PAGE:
The above 1.1 to 1.5 g/kg/d range, converted to American units means  0.5 to 0.7 g/lbs/d. The usual amounts suggested in the gym environments by 'broscience' is 2 g/lbs/d, a totally overestimate unless steroids are taken, which enhance anabolism hence protein utilization and synthesis.

Edited by mccoy
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Another  vegan specimen: Nimai Delgado. bodyweight 180-190 lb (83 kg average) , age 28, IFBB pro competing in men's physique.

Nimai-Delgado.14.jpg

He has been tracking his intake nad these are the figures he declares:

150 gr/d protein, 100 gr from food, 50 gr from protein powder. Use of BCAAs, creatine and other supplements, no steroids not other PEDs.

The above means, taking as a reference the average bodyweight:

  • Weight 83 kg, e → protein 150 gr/d ave → 1.8 g/kg/d → 226% RDA

 

Again, within the range suggested By Davis-Vesanto, not incredibly huge amounts.

Of course in his case young age means a more anabolic hormonal environment , so he might need less protein other things being equal.

 

 

 

Edited by mccoy
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  • 5 months later...

I'm not enthusiastic about veganism.  Not at all.

THAT SAID, neither of these men have the tell-tale signs of PED use.  Testosterone receptors exist at different densities on different muscles.  The delts and the lats tend to be overdeveloped in people who specifically abuse anabolic steroids--good training can overcome this, but there are often obvious signs, even among champion bodybuilders.  Excessively capped delts are usually a complete giveaway.  Both of these men have natural-looking physiques.

In addition, it hardly needs to be said that neither has the growth hormone gut.

The idea that either animal or vegetable proteins have special properties as proteins beyond their amino acid profiles is definitely in the woo territory.  Both pro-meat and pro-vegan groups are guilty of that.  (I'm pro-small-amounts-of-meat for reasons utterly unrelated to protein--same reasons I think it's a waste of time, at best, to pump lots of supplements and that soylent green is a horrifically terrible idea, nutritionally).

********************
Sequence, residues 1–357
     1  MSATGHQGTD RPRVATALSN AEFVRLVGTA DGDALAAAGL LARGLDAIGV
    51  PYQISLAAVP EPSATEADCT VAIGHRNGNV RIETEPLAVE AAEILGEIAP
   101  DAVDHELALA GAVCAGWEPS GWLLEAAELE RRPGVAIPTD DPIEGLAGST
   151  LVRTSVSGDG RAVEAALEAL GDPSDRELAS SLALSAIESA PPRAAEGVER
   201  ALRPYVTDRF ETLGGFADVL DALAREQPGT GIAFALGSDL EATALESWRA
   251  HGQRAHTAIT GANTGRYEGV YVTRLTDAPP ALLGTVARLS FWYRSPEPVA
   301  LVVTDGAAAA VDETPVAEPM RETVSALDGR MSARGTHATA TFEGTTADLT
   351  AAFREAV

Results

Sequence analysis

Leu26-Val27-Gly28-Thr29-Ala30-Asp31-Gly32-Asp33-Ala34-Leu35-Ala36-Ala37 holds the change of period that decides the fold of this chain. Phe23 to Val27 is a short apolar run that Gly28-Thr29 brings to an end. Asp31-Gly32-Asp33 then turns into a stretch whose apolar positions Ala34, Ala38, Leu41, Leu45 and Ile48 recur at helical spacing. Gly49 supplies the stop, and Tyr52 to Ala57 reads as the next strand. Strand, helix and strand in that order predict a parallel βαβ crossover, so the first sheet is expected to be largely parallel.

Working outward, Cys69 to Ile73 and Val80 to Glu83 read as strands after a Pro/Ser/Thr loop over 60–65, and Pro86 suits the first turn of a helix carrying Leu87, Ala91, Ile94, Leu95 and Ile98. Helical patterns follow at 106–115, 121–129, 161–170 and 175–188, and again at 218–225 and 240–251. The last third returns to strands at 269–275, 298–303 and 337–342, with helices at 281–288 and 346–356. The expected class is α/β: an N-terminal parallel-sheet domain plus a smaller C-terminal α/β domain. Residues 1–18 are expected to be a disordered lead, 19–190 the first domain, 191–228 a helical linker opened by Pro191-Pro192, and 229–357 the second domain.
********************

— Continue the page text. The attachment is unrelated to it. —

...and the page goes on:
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  • 2 weeks later...

mccoy, do you believe pumping up one's muscles (beyond just having decent healthy muscle tone) is somehow going to lead to longevity?  If so, what is your basis for this belief?  I haven't seen any science or even any anecdotes, to suggest this is true.  Doesn't it lead to higher growth factors and T?  I can see why a teenager would want this, but why would you want high growth factors after your body is already fully developed?

 

Edited by Gordo
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18 hours ago, Gordo said:

mccoy, do you believe pumping up one's muscles (beyond just having decent healthy muscle tone) is somehow going to lead to longevity?

I can't speak for mccoy but I believe it.  At least I believe the opposite, the loss of ones muscle is a cause of death.  There are many, many studies linking muscular frailty to morbidity and mortality.  I don't believe having larger muscle mass protects one from precipitous decline in advanced age but it probably reduces the risk of frailty induced premature death.  And those with well developed musculature tend to have less incidence of other degenerations of aging such as osteoporosis, alzheimer's, etc.  And I expect it provides one with a bit more reserve to survive other problems.  For example a significant percentage of people with cancer die during treatment due to cachexia or weakness induced accidents such as falling and breaking a hip.